As a new staff member working with the oral history collections here at KHS, I recently got to experience an exciting coincidence that encapsulated Kentucky’s long-held commitment to documenting and preserving the stories of our commonwealth.
KHS director Kent Whitworth invited new staff and interns to join the executive board for their January board meeting lunch. We were encouraged to mingle, and always being up for meeting new people, I sat down next to a friendly looking mustachioed man. I introduced myself and asked his name and he told me he was Mike Mullins, executive director of the Hindman Settlement School. Being a city girl (I live in Louisville) I only recently learned a bit about Hindman and asked Mr. Mullins if he knew James Still. “Yeah, I knew him. We had Thanksgiving dinner together every year for the last 32 years before he died.” As we discussed his work at the historic settlement school one of the new interns, Jamie Holt, approached our table and asked if we minded if he sat down. I had met Jamie a few days previously in the digital lab where we convert cassette tape recordings to digital files and I introduced the two. As they chatted, they soon discovered they had something in common—oral history.
Jamie is finishing his degree from Alice Lloyd College with a semester-long Association of Independent Kentucky Colleges and Universities (AIKCU) internship with the Special Collections and Library team. Part of his work involves digitizing and uploading oral history interviews to the KHS digital collections website, as well as creating catalog records for some of our 9,000 interviews. This task complements Jamie’s efforts in the library at Alice Lloyd where he and former AIKCU/KHS intern (and fellow Alice Lloyd student) Justin Maynard are working on the initial effort to digitize the nearly three thousand oral histories collected during the Appalachian Oral History Project (AOHP). Founded in 1970, the AOHP ranks as the earliest large-scale oral history project conducted in Kentucky. Sarah Milligan, administrator of the Kentucky Oral History Commission at KHS, has been advising Alice Lloyd on the digitization process and now supervises Jamie’s work with oral history during his time at KHS.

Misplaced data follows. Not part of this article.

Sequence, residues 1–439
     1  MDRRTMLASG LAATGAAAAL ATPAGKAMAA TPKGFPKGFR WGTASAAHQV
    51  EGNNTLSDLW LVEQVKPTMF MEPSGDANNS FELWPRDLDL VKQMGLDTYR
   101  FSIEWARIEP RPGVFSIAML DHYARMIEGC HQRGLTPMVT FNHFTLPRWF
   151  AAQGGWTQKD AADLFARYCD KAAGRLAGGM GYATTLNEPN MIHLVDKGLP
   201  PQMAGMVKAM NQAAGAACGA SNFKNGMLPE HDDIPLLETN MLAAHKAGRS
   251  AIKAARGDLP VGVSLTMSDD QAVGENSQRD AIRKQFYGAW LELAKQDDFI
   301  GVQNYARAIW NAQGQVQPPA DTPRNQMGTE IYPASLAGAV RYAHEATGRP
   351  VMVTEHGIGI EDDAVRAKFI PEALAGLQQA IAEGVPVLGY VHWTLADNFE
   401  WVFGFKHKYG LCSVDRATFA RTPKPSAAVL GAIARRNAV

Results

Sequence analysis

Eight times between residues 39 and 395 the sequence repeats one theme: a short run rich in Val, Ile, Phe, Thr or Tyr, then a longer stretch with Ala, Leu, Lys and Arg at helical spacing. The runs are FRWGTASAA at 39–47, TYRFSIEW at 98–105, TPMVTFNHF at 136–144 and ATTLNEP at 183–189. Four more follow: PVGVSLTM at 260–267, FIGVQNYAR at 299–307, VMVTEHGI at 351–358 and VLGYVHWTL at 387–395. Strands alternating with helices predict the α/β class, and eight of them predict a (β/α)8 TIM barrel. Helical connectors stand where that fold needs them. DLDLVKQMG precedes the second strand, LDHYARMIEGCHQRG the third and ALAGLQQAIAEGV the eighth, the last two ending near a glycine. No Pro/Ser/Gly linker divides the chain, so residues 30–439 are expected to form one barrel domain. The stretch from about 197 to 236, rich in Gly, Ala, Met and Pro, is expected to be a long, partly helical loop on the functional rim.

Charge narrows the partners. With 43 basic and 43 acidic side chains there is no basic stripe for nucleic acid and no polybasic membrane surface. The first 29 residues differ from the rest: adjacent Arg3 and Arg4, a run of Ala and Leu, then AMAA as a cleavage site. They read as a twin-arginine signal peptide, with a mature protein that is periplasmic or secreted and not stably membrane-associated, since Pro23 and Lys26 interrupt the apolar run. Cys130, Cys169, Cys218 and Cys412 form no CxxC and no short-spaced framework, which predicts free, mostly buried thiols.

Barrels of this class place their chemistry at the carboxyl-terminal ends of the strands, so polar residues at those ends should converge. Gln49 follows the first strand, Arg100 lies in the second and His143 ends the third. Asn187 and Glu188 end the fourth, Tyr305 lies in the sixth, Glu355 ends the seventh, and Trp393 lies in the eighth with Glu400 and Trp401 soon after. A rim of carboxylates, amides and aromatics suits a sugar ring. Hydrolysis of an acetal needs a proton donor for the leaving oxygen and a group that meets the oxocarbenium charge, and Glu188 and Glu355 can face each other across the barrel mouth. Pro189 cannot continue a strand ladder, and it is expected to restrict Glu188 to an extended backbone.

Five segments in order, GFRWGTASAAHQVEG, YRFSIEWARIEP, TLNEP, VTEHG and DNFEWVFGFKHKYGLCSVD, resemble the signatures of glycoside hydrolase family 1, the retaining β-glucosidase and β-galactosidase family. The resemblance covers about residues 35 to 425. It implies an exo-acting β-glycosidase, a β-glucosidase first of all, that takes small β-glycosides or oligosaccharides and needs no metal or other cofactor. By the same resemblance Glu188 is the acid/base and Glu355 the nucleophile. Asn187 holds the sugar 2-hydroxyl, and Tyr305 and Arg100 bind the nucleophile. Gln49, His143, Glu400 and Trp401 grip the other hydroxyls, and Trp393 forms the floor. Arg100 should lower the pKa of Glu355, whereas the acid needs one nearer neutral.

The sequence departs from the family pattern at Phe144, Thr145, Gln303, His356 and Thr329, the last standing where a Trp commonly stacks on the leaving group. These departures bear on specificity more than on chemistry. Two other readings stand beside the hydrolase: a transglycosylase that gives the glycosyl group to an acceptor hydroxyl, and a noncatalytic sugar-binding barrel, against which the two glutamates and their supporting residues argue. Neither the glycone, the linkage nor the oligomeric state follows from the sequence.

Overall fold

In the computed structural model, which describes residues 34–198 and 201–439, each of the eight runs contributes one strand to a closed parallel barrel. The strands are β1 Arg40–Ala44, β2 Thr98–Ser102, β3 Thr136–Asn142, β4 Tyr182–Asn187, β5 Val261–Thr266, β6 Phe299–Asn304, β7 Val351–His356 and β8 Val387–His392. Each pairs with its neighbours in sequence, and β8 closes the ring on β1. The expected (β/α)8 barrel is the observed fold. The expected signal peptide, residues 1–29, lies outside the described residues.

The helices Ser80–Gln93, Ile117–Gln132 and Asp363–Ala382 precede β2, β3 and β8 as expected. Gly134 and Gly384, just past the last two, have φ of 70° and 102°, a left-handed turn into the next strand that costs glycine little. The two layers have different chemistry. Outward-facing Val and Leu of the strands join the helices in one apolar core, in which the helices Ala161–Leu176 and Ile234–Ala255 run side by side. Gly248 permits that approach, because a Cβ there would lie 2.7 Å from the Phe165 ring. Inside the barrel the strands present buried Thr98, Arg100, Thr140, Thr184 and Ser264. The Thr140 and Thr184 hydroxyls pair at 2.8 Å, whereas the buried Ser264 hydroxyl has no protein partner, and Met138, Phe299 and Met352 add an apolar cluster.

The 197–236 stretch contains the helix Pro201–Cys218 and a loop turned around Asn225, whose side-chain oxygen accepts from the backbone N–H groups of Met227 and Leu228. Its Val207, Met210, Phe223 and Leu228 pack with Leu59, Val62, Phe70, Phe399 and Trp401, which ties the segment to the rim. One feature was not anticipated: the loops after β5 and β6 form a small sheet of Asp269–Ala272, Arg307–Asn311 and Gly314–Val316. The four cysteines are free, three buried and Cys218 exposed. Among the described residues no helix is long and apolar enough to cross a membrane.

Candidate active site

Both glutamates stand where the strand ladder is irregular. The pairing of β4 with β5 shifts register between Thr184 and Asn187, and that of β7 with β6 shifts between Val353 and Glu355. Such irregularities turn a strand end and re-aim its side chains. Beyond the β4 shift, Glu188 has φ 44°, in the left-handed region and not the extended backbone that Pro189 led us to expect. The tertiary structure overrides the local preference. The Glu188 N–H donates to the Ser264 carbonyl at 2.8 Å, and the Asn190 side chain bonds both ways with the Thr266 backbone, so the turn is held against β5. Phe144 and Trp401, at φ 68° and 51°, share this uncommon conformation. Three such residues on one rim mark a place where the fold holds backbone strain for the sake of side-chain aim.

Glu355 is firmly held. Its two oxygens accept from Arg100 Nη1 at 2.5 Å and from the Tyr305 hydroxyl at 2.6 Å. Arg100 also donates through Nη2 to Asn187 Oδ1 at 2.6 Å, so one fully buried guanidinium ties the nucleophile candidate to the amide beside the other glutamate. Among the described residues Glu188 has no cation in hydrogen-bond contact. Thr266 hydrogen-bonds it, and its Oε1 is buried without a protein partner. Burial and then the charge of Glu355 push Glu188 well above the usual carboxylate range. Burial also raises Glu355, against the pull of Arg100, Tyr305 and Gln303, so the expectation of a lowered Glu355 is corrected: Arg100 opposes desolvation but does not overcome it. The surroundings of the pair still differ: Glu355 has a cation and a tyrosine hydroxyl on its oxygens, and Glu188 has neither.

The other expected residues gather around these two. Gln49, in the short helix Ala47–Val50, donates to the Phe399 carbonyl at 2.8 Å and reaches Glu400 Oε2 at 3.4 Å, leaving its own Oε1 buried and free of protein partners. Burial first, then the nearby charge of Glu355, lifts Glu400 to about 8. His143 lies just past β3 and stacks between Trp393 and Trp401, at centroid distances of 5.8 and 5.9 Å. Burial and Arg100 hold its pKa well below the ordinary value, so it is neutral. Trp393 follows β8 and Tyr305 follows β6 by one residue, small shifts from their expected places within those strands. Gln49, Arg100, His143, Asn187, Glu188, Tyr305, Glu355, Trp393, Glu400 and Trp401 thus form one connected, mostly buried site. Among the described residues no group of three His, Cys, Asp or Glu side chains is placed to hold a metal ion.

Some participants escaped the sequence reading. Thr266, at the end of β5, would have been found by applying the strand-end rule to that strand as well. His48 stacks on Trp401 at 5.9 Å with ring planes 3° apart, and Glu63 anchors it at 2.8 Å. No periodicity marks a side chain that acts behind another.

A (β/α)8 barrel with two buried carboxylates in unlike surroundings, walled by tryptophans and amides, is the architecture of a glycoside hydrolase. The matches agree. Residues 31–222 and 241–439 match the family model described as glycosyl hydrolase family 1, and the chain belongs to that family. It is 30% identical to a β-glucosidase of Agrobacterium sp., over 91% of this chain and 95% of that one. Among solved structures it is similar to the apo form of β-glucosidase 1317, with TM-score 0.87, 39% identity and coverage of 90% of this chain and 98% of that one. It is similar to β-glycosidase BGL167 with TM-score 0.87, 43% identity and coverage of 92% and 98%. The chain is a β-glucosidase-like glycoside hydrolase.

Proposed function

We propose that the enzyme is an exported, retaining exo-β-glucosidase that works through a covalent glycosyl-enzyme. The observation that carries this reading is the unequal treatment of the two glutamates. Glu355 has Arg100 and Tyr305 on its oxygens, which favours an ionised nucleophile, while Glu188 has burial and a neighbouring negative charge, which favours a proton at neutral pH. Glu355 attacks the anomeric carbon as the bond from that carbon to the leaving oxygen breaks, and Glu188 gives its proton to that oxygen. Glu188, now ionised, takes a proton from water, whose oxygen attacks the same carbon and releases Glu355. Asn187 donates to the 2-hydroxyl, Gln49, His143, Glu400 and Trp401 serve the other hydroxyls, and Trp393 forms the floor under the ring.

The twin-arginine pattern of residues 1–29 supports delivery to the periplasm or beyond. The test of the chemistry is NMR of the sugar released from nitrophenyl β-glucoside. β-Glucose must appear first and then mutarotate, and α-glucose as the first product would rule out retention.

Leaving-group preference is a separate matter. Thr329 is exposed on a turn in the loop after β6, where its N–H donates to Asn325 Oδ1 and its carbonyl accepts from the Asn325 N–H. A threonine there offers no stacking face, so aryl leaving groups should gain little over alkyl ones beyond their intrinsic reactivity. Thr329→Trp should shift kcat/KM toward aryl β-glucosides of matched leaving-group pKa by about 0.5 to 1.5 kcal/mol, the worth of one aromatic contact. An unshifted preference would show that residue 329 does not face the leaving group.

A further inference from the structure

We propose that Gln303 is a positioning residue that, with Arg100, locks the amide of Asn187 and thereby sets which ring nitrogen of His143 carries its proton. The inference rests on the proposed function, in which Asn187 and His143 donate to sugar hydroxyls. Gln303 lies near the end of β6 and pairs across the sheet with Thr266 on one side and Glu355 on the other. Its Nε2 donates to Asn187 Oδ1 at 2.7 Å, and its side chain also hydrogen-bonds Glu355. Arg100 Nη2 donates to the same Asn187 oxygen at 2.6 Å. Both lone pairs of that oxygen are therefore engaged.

Well, it turns out that prior to working as executive director at Hindman, Mr. Mullins taught classes at Alice Lloyd College and when Mr. Mullins heard about Jamie’s work on the AOHP he shared that he had actually recorded some of the original interviews and also directed his students in conducting interviews as part of their curriculum. He told us about his favorite interviews from the project, those of Verna Mae Slone, quilter and doll maker among other things or as Mr. Mullins called her “Grandma Moses of the Mountains.” Ms. Slone condensed her interviews into a book about her life in Appalachia called What I Want to Tell, a memoir she wrote for her family members, the first of six books she would write. Mullins recounted the progression that Ms. Slone’s book took from hand-typed personal memories stapled together and passed out at family gatherings, to published work, and how proud he was when he opened up the newspaper on the beach one morning on vacation and saw Ms. Slone’s picture looking back at him.
As the desserts arrived, Mr. Mullins expressed appreciation to Jamie for the work he has done to preserve these invaluable histories of Kentucky’s heritage and I realized I was witnessing the progress of the oral history tradition in our commonwealth. Mr. Mullins worked in the pioneering days to establish the value of oral history documentation and Jamie works today to help preserve and present these histories in the digital age. I’m happy that digital technology has allowed me to capture and present this auspicious meeting to you.
--Heather Fox, project archivist for Pass the Word: The Guide to Oral History in Kentucky
UPDATE: Mike Mullins unexpectedly passed away on February 19, 2012. The Kentucky Historical Society has an interview with Mr. Mullins in the oral history collection and we asked Jamie Holt to digitize the interview and put it online. The interview can be accessed through our digital collection website. Click on the audio links at the left of the screen to listen to the interview.